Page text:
by JJ Cooper
When I was in the Military, I spent some time teaching Body Language Analysis in interviewing and interrogation. This involved reading the subject's body language as well as using the interviewer's/interrogator's own body language to get optimal results.
Research suggests that information is passed via three elements:
In normal conversation, the verbal element is primarily used for passing the facts or opinions that a speaker wishes to convey to the listener. The vocal element is used to support the words; in other words, it includes things like intonation and emphasis on particular words.
As you can see, the non-verbal component, which is more commonly referred to as body language, is the single largest component of person-to-person communication. Each gesture is like a single word, and a word may have different meanings. It is only when the word is used in a sentence with other words that its meaning is fully understood. Gestures come in sentences/clusters and may indicate the truth about a person's feelings or attitudes.
We are generally unaware that posture, body movements and gestures can tell one story while the voice may be telling another.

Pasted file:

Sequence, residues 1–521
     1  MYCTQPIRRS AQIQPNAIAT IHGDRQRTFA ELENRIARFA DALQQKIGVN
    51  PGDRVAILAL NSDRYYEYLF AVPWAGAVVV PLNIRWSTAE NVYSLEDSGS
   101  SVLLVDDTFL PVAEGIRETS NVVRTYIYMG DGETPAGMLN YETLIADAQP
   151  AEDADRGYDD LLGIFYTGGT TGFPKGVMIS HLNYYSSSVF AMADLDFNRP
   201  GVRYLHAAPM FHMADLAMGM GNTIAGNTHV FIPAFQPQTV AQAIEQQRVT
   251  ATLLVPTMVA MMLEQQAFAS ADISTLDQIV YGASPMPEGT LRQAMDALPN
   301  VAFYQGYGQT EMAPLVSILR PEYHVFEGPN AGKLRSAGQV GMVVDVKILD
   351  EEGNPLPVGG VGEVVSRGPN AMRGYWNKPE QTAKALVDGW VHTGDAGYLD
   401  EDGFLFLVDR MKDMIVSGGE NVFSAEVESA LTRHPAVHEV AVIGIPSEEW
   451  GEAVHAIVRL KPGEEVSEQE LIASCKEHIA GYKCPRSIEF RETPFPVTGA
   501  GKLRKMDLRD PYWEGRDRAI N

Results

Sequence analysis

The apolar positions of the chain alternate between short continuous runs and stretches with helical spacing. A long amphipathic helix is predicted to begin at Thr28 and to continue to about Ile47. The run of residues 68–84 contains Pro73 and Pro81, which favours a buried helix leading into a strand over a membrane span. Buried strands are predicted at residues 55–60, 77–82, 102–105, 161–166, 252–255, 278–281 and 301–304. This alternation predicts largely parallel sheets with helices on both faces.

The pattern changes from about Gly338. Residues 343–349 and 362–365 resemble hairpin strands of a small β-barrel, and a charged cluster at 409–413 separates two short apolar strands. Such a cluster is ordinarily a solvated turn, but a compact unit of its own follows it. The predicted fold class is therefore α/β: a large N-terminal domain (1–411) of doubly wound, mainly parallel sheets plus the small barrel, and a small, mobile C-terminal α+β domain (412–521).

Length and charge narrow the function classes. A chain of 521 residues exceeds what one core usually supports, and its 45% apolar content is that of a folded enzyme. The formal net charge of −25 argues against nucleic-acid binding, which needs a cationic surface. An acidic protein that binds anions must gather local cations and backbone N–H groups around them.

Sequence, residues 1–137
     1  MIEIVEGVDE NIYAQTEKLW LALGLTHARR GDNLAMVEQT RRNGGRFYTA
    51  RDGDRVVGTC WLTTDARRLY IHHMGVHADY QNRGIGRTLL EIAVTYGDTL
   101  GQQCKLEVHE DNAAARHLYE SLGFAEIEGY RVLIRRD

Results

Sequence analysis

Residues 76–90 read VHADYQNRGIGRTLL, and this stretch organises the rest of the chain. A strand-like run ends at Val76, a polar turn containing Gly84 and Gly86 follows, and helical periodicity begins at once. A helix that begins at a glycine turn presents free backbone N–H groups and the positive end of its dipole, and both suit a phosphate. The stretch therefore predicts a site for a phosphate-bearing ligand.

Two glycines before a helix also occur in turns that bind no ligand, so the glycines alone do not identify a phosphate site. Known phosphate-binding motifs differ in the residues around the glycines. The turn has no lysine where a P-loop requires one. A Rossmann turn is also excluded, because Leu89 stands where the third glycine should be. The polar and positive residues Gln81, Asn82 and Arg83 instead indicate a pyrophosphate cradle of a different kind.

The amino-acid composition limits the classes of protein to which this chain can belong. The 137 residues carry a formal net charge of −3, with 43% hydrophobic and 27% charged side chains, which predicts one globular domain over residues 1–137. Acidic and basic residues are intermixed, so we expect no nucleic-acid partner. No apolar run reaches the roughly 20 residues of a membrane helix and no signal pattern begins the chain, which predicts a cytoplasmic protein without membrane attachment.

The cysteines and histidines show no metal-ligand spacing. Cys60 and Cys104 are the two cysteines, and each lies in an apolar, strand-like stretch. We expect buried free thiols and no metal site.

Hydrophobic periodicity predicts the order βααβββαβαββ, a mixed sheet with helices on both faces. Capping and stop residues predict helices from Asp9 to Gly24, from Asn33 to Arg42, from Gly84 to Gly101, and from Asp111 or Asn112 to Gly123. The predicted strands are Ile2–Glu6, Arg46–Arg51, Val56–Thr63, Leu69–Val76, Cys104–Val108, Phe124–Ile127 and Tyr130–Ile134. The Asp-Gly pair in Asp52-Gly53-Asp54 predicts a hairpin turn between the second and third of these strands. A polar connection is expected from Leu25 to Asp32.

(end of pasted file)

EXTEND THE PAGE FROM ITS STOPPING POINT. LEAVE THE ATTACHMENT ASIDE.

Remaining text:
So how can writers transfer this information into their writing? Firstly, using body language indicators is a great way of 'showing' the information instead of 'telling' the reader what is happening. When using dialogue, accompany it with some sort of physical movements. Let's face it, do you just sit or stand still when talking to someone? Do you stand closer to someone you are more comfortable with? Do you touch the arm of someone you care for just before speaking with them?
A word of warning though. Don't have a physical movement at the end of each dialogue tag. Remember, everything we write must add value to the story somehow.
About the Author:
JJ Cooper spent seventeen years in the Australian Army, deploying on two tours of duty in East Timor and one tour to the Middle East in 2003. He specialised in Human Intelligence, including interrogation (as a practitioner and instructor). Since leaving the military, he spends every spare moment on his passion for writing. JJ's debut thriller, Interrogated, will be published by Random House Australia in 2009. Visit his blog at http://jjcooperaus.blogspot.com.